# Appendix A: Comparison of 33 and 31 ceramic operation

The ceramics that are used in power transducers typically fall into two categories.

1. 33 type. For the 33 type the direction of ceramic vibration is parallel to the electric field. The ceramics are usually thin disks and the transducer uses multiple disks (generally at least one pair but sometimes as many as three or four pair, depending on the power handling requirements). This is the most common type.
2. 31 type. For the 31 type the direction of ceramic vibration is perpendicular to the electric field. A single tube-shaped ceramic is typically used. This type is generally used only in special circumstances.

In a matched PZT4 parallel mode transducer, the strain and stress are less at a given driving electric field, but the bandwidth is up by a factor of 2.6 and the power by a factor of 1.7 compared to a matched PZT4 later mode transducer. (Morgan Technical Publication TP-221, pp. 14 - 15)

"The data in Tables XII and XIII show several advantages of the use of the parallel rather than the transverse mode in high power transducers. These include higher bandwidth, higher efficiency ($$e'_{em}$$) for the same power, and higher power for a given value of $$p_{DE}$$ [electrical power dissipation]. Allowable bias stress is also higher in this mode." (Berlincourt (3), pp. 253, 255-256) Note particularly the PZT-4 data.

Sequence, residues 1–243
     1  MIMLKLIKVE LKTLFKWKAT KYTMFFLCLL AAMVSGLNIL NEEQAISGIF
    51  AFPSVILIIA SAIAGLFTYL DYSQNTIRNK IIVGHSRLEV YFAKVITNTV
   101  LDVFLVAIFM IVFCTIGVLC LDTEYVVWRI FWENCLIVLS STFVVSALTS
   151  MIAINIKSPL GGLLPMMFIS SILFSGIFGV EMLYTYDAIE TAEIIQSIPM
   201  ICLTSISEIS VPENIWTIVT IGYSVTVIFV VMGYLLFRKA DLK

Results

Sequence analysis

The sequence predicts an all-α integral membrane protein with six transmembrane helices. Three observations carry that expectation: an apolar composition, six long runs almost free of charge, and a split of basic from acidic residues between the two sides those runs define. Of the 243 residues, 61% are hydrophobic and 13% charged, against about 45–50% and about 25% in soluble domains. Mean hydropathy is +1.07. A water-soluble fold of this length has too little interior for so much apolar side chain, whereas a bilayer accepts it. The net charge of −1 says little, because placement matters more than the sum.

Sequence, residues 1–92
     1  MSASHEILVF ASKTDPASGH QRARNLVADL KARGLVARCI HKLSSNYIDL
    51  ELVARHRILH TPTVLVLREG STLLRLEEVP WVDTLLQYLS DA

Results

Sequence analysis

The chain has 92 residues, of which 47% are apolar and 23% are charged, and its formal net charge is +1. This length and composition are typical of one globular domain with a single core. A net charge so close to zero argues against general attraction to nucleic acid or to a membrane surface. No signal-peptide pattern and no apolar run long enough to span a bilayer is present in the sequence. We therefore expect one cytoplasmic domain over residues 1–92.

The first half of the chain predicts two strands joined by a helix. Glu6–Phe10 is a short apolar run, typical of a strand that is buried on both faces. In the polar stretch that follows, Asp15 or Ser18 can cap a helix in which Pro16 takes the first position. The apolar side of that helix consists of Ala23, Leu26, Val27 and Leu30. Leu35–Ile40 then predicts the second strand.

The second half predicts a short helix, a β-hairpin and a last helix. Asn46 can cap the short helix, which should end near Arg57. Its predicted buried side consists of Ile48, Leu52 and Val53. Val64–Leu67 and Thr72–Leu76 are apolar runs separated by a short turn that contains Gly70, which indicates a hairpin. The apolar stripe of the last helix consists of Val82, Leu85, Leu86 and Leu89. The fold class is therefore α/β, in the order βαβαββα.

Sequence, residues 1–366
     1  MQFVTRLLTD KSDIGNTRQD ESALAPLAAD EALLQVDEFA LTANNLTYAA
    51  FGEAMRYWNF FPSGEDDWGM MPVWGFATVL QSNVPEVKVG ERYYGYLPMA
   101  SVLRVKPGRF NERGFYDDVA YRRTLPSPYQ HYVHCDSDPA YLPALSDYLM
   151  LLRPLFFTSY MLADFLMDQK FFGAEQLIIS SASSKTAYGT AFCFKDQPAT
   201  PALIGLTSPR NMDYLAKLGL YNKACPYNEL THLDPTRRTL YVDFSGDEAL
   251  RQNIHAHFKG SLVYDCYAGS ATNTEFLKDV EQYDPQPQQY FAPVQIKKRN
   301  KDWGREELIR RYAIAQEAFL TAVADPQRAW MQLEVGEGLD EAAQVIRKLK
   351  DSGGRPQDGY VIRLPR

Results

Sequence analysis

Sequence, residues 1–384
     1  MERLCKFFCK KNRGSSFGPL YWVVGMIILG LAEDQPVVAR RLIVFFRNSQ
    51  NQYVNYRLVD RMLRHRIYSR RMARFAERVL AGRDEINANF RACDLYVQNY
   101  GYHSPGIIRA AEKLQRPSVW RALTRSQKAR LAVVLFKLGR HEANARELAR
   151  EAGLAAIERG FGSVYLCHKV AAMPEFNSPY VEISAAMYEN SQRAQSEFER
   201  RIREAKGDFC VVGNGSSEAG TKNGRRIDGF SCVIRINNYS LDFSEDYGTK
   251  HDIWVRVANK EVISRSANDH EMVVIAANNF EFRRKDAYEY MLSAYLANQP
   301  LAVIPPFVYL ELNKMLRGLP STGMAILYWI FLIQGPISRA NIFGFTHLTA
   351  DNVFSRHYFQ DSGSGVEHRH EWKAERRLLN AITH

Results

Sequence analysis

# 31 mode

The following are the advantages and disadvantages of using piezoelectric ceramics in the 31 mode. These may not all apply to a particular design or application.

1. Since the design may involve fewer parts (a single ceramic and one or two electrodes), the manufacturing costs may be less.
2. Generally, a 31 design will have fewer ceramic interfaces so the mechanical loss from such interfaces is lower.

1. ".. approximately 5 times the ceramic is required to maintain the same output power level" compared to the 33 type. Channel Industries (1), p. 6
2. The cost for electroding (inner and outer walls) is higher than for disks (33 type).
3. The manufacturing cost may be higher because the yields for long cylinders may be lower than for disks (33 type).
4. For a ceramic stack whose overall dimensions are identical, the frequency separation between series resonance ($$f_s$$) and parallel resonance ($$f_p$$) may be lower. Example: tube ceramic (0.650" OD x 0.300" ID x 1.000" long).
5. The transducer may be difficult to mount at the node if ceramic tube spans the node.

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1. For the 31 mode, figure A1(b) (Berlincourt (3), figure 16, p. 216) for PZT4 shows that there is a substantial decrease in $$d_{31}$$ with static compressive stress whereas $$d_{33}$$ actually increases somewhat. Therefore, considerably lower compressive prestress can be tolerated in the 31 mode (Berlincourt (3), p. 249). This means that the dynamic ceramic strain, which is limited by the prestress, may be lower than desired and so the output amplitude may also be lower than desired.

 Figure A1. Effect of compressive stress - (a) 33 direction (top two graphs), (b) 31 direction (bottom graph)
2. Figure A2 (Morgan Technical Ceramics (4), p. 6) for PZT4 shows that there is a substantial decrease in $$d_{31}$$ over time as the static preload stress is maintained. In contrast, $$d_{33}$$ actually increases somewhat. For instance, at 1000 hours $$d_{31}$$ has decreased about 29% while $$d_{33}$$ has increased about 12%.
 Figure A2. Aging of $$d_{33}$$ and $$d_{31}$$ with 10,000 psi [69 MPa] compressive stress parallel (T3) and perpendicular (T1) to the poling axis
3. # Recommendation

Except in special circumstances, the 33 mode should be used instead of the 31 mode.